Moon Near Saturn


   Sunday morning, April 16th the 19-day old waning gibbous Moon will rise near the planet Saturn. The two will be within the 7o field of view of 10×50 binoculars and will be easily seen over the eastern to southeastern horizon in the hours before the sun rises.
   
   
   

Click here to go to the Qué tal in the Current Skies web site for monthly observing information, or here to return to bobs-spaces.

Saturn Begins Retrograde Motion


   Thursday April 6th the outer planet Saturn begins its retrograde motion. This is an apparent motion that Saturn or any outer planet, dwarf planet,or asteroid has when compared to the faster moving Earth. The Earth, moving more quickly around the Sun than an outer object, will catch up and pass by the outer object sort of like a car passing a slower moving car.
   As the faster moving Earth passes by, the outer object appears to stop its eastward direct or prograde motion, and then moves westward, or retrograde, for a while until it again stops before resuming its prograde motion. Saturn will remain in retrograde until June and will travel westward out of Sagittarius the Archer into the boundaries of Ophiuchus the Healer.

   
   
   

Click here to go to the Qué tal in the Current Skies web site for monthly observing information, or here to return to bobs-spaces.

Saturn and Some Messier Objects


   In the early morning hours before the Sun rises the summer (northern hemisphere) Milky Way arches across the sky from the southern horizon toward the northern horizon. Over the southern horizon is the constellation Sagittarius the Archer and the direction toward the center of the Milky Way Galaxy. In this direction is the planet Saturn and within the field of view of binoculars are several nebula, some of which are visible to the naked eye.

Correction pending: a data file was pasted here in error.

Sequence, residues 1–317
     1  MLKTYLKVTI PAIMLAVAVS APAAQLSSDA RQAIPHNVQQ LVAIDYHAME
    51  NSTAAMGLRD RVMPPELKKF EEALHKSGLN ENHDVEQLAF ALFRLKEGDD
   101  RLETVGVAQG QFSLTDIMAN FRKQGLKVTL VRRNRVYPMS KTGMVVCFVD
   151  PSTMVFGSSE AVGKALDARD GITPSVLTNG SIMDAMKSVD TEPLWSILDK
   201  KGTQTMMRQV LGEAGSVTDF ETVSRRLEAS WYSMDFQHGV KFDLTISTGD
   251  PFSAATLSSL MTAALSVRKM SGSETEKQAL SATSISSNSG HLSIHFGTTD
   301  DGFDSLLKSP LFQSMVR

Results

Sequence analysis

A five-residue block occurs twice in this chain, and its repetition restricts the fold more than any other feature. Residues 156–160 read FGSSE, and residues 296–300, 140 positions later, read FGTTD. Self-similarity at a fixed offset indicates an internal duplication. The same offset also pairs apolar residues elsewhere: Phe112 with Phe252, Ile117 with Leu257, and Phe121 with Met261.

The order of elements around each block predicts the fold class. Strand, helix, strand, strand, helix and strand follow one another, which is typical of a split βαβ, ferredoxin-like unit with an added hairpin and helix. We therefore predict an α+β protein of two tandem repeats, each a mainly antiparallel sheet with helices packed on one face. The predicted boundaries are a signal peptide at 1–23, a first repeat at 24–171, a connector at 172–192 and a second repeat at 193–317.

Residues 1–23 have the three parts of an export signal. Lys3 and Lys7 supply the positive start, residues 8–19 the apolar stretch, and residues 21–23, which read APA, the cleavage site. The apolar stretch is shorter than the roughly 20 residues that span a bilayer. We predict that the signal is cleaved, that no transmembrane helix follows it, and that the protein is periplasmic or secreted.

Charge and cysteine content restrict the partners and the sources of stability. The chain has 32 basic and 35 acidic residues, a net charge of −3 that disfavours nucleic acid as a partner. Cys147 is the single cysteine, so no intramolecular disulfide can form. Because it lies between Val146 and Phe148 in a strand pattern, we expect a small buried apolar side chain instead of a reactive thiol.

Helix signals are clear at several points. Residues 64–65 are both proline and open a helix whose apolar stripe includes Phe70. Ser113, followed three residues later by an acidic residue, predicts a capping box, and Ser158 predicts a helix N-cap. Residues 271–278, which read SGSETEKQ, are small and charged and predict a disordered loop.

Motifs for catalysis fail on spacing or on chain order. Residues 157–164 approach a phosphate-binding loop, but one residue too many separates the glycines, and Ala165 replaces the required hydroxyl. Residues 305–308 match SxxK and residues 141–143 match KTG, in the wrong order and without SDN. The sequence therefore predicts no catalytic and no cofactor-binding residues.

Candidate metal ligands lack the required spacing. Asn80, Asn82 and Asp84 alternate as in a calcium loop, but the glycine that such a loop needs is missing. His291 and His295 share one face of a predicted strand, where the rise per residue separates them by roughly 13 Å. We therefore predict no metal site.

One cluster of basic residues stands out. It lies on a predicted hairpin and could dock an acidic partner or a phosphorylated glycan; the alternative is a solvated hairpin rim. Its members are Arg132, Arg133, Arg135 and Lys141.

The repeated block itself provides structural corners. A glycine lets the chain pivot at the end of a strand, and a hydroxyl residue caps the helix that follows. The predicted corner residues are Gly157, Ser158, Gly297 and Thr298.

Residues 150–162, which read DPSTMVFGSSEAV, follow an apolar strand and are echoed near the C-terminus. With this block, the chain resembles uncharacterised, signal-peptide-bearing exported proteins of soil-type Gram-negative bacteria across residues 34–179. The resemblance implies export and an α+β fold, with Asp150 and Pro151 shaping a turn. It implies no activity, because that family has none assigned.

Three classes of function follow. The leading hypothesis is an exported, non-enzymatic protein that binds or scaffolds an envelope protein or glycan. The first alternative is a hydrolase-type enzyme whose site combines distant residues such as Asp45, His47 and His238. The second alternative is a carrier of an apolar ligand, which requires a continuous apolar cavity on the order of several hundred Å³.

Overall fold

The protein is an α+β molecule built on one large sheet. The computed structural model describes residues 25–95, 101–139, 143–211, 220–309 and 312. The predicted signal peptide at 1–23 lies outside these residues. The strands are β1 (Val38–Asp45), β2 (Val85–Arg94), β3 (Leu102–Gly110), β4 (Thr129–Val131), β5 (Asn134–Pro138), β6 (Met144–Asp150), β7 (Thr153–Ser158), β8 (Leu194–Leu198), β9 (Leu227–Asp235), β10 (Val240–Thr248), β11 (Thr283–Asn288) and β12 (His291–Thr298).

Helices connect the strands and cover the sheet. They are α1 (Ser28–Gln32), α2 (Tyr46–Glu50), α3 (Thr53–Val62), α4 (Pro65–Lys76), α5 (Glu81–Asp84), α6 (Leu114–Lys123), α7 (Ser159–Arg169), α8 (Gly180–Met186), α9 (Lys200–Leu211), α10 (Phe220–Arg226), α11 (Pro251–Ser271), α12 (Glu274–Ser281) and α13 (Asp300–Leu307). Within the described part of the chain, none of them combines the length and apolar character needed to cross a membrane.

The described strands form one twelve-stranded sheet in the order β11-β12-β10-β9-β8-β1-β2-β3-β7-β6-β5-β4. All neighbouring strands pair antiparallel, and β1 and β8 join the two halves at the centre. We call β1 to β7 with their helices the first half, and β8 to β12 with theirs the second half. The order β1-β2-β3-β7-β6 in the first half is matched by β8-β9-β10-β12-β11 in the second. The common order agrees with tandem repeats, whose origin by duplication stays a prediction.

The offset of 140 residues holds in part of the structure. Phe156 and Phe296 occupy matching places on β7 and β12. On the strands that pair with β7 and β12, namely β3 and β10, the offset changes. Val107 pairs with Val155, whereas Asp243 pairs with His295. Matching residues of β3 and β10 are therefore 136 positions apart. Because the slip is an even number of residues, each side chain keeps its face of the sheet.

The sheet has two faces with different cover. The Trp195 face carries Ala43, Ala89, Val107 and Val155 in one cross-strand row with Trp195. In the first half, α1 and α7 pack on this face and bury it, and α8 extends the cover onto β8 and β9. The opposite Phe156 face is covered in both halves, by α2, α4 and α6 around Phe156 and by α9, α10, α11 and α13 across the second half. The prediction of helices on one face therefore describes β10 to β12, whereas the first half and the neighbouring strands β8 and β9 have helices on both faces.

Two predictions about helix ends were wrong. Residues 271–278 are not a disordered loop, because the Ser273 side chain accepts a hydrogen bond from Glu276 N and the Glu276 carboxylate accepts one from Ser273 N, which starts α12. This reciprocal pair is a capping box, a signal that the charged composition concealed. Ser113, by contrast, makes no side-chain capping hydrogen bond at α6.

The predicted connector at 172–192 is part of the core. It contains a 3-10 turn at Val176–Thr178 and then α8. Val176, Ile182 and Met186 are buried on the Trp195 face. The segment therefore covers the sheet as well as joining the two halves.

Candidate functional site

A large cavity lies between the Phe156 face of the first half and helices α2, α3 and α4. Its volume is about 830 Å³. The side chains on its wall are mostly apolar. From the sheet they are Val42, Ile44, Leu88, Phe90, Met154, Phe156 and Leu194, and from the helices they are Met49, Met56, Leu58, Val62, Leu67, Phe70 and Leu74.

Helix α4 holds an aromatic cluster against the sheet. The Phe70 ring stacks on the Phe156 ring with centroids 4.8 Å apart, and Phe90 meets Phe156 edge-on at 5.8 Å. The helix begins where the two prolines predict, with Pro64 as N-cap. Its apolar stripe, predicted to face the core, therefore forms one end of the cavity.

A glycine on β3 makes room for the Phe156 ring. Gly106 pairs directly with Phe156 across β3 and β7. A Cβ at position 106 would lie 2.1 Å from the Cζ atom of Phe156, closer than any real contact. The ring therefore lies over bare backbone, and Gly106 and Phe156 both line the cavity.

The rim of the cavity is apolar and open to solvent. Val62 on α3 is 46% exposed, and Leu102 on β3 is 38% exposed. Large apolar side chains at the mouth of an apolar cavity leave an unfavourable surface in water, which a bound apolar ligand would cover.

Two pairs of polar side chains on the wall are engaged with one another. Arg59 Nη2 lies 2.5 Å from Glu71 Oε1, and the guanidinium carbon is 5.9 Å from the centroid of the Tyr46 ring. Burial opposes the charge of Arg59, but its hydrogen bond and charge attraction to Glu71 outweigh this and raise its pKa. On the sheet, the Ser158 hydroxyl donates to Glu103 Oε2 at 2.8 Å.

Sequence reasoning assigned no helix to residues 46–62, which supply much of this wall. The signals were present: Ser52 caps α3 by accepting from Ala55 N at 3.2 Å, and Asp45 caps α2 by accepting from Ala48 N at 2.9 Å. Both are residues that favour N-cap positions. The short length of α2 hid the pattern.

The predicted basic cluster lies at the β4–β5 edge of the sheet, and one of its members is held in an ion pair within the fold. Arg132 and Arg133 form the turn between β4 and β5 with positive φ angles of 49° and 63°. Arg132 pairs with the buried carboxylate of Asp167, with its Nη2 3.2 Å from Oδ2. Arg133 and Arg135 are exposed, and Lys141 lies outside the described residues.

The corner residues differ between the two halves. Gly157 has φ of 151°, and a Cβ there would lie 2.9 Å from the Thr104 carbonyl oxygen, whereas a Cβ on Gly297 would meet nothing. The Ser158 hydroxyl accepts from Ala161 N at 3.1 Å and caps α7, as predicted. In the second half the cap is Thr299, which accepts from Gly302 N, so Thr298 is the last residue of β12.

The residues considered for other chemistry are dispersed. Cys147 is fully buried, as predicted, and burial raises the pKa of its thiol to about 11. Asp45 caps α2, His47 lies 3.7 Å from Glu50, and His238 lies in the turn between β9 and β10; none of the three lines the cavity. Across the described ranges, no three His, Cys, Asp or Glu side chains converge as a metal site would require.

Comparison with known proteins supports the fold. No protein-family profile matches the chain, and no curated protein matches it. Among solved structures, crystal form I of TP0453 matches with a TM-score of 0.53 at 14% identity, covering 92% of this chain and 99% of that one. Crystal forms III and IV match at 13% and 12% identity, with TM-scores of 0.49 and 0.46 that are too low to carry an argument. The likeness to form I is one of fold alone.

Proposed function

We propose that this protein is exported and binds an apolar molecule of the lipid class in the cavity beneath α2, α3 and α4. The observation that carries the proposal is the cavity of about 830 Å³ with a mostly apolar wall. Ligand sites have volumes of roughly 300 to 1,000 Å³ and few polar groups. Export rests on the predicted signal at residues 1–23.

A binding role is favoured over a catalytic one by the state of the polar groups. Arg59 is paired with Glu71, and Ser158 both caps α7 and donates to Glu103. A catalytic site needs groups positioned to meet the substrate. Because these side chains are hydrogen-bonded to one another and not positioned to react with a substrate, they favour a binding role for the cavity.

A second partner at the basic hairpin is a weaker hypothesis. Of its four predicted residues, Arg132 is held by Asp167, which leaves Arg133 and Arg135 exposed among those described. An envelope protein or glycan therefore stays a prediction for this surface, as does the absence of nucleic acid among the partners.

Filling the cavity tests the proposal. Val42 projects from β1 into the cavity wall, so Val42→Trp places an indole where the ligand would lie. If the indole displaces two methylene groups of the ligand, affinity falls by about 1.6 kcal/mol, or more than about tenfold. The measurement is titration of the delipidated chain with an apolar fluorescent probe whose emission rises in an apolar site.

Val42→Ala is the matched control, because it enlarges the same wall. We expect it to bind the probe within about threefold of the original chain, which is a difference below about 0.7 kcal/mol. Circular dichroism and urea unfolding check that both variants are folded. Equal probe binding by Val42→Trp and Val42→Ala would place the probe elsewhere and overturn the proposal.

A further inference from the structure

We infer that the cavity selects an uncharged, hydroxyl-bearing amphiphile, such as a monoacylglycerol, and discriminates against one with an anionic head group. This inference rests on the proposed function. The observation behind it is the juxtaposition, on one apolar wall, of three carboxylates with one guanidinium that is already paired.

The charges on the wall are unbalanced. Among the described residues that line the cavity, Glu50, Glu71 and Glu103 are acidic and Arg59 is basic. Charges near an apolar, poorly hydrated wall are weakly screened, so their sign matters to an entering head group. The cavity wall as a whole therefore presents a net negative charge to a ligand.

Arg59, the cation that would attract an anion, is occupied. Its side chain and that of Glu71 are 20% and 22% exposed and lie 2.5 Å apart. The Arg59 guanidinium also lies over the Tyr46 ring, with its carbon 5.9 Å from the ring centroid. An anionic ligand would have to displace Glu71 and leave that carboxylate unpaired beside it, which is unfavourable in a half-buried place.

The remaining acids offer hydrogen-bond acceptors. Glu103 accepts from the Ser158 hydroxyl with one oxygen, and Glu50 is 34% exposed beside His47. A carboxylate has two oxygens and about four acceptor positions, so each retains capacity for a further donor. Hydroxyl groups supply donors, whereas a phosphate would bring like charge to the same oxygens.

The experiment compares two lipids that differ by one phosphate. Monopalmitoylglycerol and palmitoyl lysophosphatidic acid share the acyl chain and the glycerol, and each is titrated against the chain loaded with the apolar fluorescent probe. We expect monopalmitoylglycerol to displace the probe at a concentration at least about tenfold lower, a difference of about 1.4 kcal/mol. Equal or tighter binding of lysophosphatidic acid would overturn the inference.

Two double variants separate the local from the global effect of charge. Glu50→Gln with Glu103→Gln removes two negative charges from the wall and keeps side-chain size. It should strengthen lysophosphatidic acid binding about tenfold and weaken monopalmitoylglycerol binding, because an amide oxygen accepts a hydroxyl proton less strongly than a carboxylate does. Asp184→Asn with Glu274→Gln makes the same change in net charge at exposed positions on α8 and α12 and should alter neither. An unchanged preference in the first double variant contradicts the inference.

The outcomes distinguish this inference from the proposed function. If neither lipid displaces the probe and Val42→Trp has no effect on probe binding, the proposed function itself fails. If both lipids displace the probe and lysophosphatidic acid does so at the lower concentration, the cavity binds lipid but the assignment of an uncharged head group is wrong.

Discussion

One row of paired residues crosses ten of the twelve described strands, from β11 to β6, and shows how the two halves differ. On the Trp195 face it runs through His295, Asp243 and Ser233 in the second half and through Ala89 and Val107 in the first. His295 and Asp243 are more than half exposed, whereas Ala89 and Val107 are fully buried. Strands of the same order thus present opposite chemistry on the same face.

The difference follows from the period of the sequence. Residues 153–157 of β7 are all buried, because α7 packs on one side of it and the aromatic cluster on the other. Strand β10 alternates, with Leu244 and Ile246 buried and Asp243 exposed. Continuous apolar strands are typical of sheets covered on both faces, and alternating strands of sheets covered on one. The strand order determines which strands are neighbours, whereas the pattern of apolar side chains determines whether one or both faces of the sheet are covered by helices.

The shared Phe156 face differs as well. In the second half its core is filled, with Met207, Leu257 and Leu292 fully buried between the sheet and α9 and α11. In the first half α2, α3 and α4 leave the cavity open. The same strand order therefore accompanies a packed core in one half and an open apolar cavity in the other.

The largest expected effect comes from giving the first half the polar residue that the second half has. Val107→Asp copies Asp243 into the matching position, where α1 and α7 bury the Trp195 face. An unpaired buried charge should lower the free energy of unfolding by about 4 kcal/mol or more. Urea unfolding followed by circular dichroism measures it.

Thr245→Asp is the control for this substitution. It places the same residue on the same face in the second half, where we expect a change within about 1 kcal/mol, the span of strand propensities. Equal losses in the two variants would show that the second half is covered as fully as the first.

Despite the use of optical aids like binoculars or telescopes we do not see the colors of these object that you may see in photographs. Regardless, this part of the sky is filled with many objects visible to the naked eye and certainly with binoculars. And assuming the local skies are relatively dark then viewing this area of the Milky Way will provide many viewing rewards.

   
   
   

Click here to go to the Qué tal in the Current Skies web site for monthly observing information, or here to return to bobs-spaces.

Duck! Said Scorpius to Sagittarius

   Over the next several mornings, before the Sun rises, the Moon, as it wanes from gibbous to last quarter phase, glides past the stars of Scorpius the Scorpion and Sagittarius the Archer and the ringed planet Saturn.
   Apparently Archery is so loud that Sagittarius didn’t hear the warning and gets a face full of the Moon on the 21st.
   In the background is the Milky Way, but for the most part it will be difficult to see due to the bright reflected light from the Moon.
   Off to the west is Jupiter and Spica. Jupiter has been in retrograde motion since last month and is gradually moving west away from Spica.